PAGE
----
How-to

Writing it right

Robert Roskoski Jr.
By Robert Roskoski Jr.
Aug. 12, 2021

Indexers use the title, abstract and keywords to categorize an academic paper, and these components should be created with the goal of attracting the relevant and maximal readership through search algorithms such as PubMed and Google Scholar. If someone performs research and nobody reads about it, it’s as if the scientific results were nonexistent.

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The fourth edition of “The Elements of Style” by William Strunk Jr. and E.B. White has many suggestions for writing with a design that is easily understood. Strunk wrote that the reader is in serious trouble most of the time, and it is the duty of the writer to help the reader. And we have it from Francis Crick that “There is no form of prose more difficult to understand and more tedious to read than the average scientific paper.”

Here are some do’s and don’ts for writing a scientific article.

  • Read the journal’s directions for the author before writing and make a checklist just before submitting the paper to make sure all criteria are fulfilled.
  • The title should convey the essential points of the study.
  • The title should be informative, intelligible to readers who are not specialists in the field and jargon-free.
  • The titles of the most cited articles contain 10 to 15 words or 31-41 characters.
  • Indexers use the title to categorize an article, and it thus serves as a keyword.
  • The summary/abstract should describe the background, methods used, major findings and conclusions drawn in the manuscript.
  • Avoid specialized terms in the abstract.
  • Minimize the use of nonstandard abbreviations throughout the text. They slow down the reader, who must translate each abbreviation mentally before proceeding, disrupting the train of thought. Standard abbreviations such as ATP, DNA and RNA don’t have to be translated.
  • Avoid abbreviations for phrases that are not onerous (for example, don’t use AD for Alzheimer’s disease).
  • Use abbreviations for long phrases (for example, use PDGFR for platelet-derived growth factor receptor).
  • Use keywords that target the subject matter.
  • If the journal limits the number of keywords, use the maximum number allotted to maximize the potential readership without duplicating components of the title in the list of keywords.
  • Keywords should not be too expansive or too selective. “Protein,” for example, may be too broad when “protein structure” or “protein folding”is closer to the point. Similarly, “cancer” might be replaced by “breast cancer” or “cancer chemotherapy” to better target the subject matter.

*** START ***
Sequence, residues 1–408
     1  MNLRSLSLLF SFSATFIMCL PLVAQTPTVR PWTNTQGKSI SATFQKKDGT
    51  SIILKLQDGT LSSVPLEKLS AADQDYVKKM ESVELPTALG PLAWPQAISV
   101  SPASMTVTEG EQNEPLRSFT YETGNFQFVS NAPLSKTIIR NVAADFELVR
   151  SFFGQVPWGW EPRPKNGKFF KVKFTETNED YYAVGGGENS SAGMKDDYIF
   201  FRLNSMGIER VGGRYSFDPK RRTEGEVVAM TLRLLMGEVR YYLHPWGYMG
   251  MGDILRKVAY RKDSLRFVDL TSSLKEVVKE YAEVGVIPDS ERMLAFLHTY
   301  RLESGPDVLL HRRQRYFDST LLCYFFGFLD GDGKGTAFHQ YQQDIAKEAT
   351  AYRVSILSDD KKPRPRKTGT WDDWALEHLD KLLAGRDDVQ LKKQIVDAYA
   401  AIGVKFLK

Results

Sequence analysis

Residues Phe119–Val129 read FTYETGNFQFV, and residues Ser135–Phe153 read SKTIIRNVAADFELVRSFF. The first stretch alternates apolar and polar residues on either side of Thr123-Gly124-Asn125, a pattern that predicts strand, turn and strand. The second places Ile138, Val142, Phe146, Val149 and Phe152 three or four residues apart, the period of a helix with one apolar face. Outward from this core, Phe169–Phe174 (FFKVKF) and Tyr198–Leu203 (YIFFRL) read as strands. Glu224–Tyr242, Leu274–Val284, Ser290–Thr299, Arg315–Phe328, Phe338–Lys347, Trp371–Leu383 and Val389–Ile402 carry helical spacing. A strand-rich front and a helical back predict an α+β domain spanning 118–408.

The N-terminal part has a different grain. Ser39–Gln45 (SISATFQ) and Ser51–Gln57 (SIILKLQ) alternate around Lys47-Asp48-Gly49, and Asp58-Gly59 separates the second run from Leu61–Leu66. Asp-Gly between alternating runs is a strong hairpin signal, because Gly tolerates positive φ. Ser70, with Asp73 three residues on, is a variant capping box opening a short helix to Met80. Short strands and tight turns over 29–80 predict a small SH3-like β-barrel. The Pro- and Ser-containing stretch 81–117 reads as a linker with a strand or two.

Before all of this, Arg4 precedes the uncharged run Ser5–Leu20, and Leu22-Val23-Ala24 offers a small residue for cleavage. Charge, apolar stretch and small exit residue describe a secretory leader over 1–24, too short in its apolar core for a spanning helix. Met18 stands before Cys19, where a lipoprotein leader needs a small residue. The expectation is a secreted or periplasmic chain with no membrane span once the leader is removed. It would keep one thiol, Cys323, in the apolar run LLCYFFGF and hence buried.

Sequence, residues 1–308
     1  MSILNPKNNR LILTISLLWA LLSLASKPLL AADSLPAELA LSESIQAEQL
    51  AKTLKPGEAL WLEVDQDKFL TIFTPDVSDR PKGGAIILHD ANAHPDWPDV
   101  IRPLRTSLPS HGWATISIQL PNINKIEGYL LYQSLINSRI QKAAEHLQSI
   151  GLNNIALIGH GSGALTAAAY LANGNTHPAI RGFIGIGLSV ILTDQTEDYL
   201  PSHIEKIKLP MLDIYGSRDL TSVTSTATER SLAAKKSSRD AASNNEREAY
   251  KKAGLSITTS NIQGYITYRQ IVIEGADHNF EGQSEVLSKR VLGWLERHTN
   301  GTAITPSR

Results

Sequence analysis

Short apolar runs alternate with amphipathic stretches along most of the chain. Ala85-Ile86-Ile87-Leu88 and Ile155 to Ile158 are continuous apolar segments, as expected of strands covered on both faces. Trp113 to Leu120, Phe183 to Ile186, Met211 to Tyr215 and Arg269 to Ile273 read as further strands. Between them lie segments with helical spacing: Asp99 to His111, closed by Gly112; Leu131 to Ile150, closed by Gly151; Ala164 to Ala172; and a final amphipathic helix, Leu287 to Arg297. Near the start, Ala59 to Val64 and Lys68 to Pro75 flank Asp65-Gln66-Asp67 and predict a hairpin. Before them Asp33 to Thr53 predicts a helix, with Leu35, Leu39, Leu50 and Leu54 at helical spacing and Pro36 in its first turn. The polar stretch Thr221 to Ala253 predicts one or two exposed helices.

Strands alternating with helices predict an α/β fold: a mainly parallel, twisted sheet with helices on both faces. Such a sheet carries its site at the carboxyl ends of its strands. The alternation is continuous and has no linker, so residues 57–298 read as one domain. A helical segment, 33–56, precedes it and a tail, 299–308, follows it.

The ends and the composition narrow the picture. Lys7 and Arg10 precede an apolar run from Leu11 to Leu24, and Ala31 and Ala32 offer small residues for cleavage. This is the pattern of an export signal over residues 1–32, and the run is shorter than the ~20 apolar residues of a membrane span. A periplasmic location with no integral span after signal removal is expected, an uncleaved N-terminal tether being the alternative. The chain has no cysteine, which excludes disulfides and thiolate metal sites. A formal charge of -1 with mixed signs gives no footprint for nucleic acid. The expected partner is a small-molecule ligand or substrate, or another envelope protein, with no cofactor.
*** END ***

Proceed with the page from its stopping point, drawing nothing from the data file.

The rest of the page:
• The introduction should state the objectives and reasons for conducting the study and provide references to the pertinent background literature.
  • The methods section should describe how the experiments were performed with enough detail that the same study could be performed in another laboratory. Often, other laboratories will replicate experiments as an entryway to extend and explore wider research objectives.
  • Results should be presented clearly and concisely, usually with the aid of tables and figures.
  • Tables and figures should be self-explanatory and fully understandable without reading the text.
  • The text should emphasize the important points contained within the tables and figures.
  • Results should be presented objectively without interpretation; interpretations are reserved for the discussion section.
  • Carefully choose your references and citations; many readers consult them to gain additional scientific insight.
  • If several references can be used to substantiate a statement or finding, select the ones available through open access and those that are most recent.
  • Make sure the reference title matches the original publication. The reference citation in PubMed may state beta, while the original publication has the Greek β. Also follow the original paper’s use (or nonuse) of italics for such terms as in vitro and in vivo or for a gene name such as PDGFRA.
  • Avoid complex sentence structures.
  • Avoid monotonous presentations; write with variety to keep the reader’s interest.
  • The first sentence in a paragraph is the topic sentence. Read each topic sentence sequentially from the beginning of the paper to the end to ensure that the flow of ideas makes sense.
  • Adopt the Goldilocks rule for each section of the paper: not too much or too little, not too long or too short.
  • Strunk devotes a special paragraph to the vile expression “the fact that,”an expression that should be “revised out of every sentence in which it occurs.”
  • Revise, revise, revise. In the first half of the 20th century, before the advent of word processors, Otto Warburg — the eminent biochemist, cell physiologist and Nobel laureate (1931) — reportedly stated that he rewrote his papers up to 16 times.

White wrote, “Vigorous writing is concise. A sentence should contain no unnecessary words, a paragraph no unnecessary sentences, for the same reason that a drawing should have no unnecessary lines and a machine no unnecessary parts. This requires not that the writer make all sentences short or avoid all detail and treat subjects only in outline, but that every word tell.”

Robert Roskoski Jr.
Robert Roskoski Jr.

Robert Roskoski Jr. is the scientific director of the Blue Ridge Institute for Medical Research.

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